Holly King’s photographs draw from memories of landscapes, and reference film, art and literature. Her images are cinematic and striking, seemingly real and other-worldly. She painstakingly constructs these scenes with miniatures and then takes photographs of them in large-format, which she then exhibits. King claims that the actual sets are very humble, and the process of photographing these sets transforms them into artworks, although I believe that the sets themselves may be sights to be seen.
In 2005, King moved from working with color photography to black and white. The objects contained in these photographs (the trees, stones, water and brush) are detailed rather than creating atmospheric scapes that were ethereal and less linked to actual inhabitable spaces, as she has in earlier works. With this most recent series, Grand Canyon: Unseen, King tackles the monumental cleft in the Arizona desert that has captivated tourists and writers alike for so many years. King takes a place that has been photographed, documented, discussed and memorialized and manages to create novel images, which is no small feat. For the first time in her oeuvre, she combines photographs of the land with her set ups, and additionally integrates black ink drawings. She suspends transparent images of the Grand Canyon behind the sets, and places miniatures in both the foreground and behind the transparencies. Her prints are reflective, luminous, pensive terrains of rock, earth and sky.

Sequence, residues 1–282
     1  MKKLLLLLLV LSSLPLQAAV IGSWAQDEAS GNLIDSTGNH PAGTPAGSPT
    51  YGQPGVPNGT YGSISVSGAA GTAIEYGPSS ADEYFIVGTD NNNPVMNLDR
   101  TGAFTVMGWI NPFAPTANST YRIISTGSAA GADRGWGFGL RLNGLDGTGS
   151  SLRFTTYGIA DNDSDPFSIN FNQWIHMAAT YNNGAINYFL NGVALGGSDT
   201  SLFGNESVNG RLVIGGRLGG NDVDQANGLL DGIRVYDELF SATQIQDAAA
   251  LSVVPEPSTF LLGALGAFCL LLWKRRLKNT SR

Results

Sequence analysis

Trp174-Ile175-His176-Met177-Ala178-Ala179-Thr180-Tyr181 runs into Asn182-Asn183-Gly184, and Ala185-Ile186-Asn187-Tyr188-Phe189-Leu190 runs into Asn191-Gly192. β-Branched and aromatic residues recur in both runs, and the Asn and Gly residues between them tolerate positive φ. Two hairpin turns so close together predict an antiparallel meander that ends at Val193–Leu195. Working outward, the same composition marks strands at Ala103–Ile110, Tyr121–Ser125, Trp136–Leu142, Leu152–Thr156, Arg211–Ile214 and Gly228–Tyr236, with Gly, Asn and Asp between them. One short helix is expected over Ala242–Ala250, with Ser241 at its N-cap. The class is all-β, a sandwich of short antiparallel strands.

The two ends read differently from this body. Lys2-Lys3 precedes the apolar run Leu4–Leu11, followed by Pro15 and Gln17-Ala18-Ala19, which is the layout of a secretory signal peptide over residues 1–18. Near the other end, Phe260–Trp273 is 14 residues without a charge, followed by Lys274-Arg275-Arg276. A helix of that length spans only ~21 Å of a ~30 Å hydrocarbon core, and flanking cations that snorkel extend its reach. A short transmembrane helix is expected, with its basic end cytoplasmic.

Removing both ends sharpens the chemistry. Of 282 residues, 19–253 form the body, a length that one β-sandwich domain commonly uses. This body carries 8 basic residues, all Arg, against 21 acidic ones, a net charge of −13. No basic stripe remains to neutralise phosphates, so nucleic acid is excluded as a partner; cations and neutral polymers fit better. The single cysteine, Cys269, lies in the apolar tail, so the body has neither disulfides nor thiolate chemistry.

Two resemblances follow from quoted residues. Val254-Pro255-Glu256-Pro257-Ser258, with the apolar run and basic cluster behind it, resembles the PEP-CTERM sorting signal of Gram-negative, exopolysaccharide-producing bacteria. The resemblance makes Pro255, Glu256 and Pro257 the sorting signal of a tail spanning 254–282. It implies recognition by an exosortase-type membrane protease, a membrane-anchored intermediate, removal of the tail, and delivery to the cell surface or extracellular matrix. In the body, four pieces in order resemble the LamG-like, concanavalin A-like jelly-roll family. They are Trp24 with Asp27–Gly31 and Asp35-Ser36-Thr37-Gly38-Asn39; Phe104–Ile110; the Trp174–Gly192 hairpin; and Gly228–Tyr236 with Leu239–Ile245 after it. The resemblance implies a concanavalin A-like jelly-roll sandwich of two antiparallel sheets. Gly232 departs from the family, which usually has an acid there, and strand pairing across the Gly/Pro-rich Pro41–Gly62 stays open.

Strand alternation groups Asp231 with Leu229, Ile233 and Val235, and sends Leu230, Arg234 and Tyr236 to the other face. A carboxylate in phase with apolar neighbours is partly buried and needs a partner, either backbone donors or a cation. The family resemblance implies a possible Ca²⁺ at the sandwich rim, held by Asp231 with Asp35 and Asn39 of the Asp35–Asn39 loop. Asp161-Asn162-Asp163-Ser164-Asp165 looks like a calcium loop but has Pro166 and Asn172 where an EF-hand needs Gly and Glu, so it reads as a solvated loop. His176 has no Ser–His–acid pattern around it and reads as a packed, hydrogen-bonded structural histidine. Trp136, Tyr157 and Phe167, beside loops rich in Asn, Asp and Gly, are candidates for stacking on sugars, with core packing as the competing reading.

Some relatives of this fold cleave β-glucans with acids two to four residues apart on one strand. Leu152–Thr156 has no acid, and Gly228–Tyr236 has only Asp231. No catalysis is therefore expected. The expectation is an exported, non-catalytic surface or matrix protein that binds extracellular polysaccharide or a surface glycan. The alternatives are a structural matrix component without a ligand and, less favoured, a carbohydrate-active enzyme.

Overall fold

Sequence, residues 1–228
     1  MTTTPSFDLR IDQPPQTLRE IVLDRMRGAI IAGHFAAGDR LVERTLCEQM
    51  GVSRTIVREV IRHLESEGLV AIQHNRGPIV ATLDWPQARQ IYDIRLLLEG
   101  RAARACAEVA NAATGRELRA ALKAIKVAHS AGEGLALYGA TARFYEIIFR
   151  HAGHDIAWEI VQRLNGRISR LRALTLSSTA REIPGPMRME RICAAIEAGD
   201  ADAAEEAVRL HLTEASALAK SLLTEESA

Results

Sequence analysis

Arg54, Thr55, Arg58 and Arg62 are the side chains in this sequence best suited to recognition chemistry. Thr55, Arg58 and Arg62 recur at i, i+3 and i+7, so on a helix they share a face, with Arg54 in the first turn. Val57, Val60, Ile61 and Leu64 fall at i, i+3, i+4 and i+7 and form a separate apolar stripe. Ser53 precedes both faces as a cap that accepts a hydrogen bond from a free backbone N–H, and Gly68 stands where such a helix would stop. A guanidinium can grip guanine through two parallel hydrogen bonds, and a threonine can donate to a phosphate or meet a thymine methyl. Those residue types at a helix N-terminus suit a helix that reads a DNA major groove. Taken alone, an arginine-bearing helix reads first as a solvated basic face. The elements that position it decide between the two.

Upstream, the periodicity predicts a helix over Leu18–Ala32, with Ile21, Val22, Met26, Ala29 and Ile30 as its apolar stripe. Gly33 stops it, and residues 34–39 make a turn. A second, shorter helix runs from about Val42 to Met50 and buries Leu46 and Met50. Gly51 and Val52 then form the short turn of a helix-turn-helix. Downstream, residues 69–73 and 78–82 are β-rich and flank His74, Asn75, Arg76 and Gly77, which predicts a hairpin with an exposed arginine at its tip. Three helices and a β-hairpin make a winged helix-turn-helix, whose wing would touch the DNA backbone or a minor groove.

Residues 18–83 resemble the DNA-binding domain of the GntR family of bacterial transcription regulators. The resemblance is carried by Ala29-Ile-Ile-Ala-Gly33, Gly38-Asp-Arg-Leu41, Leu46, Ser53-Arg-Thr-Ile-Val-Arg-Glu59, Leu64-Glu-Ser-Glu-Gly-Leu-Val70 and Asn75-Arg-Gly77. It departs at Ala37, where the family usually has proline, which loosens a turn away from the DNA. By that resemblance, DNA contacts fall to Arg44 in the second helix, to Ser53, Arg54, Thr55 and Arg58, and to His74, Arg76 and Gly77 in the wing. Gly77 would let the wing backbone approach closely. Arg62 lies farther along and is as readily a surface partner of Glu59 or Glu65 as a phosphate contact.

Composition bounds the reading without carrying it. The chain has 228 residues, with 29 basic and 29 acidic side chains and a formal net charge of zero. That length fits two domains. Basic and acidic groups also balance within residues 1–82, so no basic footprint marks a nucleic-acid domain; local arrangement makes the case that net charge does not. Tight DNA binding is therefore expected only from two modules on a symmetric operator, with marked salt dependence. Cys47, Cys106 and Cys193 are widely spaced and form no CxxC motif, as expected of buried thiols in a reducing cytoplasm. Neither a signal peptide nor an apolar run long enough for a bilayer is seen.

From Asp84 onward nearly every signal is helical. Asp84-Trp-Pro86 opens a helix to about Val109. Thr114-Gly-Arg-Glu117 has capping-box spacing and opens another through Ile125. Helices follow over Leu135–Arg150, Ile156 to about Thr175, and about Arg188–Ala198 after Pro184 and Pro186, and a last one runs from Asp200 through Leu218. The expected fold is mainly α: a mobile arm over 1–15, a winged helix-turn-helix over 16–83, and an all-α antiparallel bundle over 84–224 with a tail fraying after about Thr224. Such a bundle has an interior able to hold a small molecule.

It has been said that the size of King’s prints allows people to enter the unreal places that she creates. I think that viewers are only allowed to step to the precipice of these landscapes, see their tiny details and be overwhelmed by their heights, but then they are held back. They must stop to think about what they see. The power of these images lies in the fact that they warrant a second look, and a third. They are the type of photographs that I want to try to enter over and over because of where I could be transported were I to enter.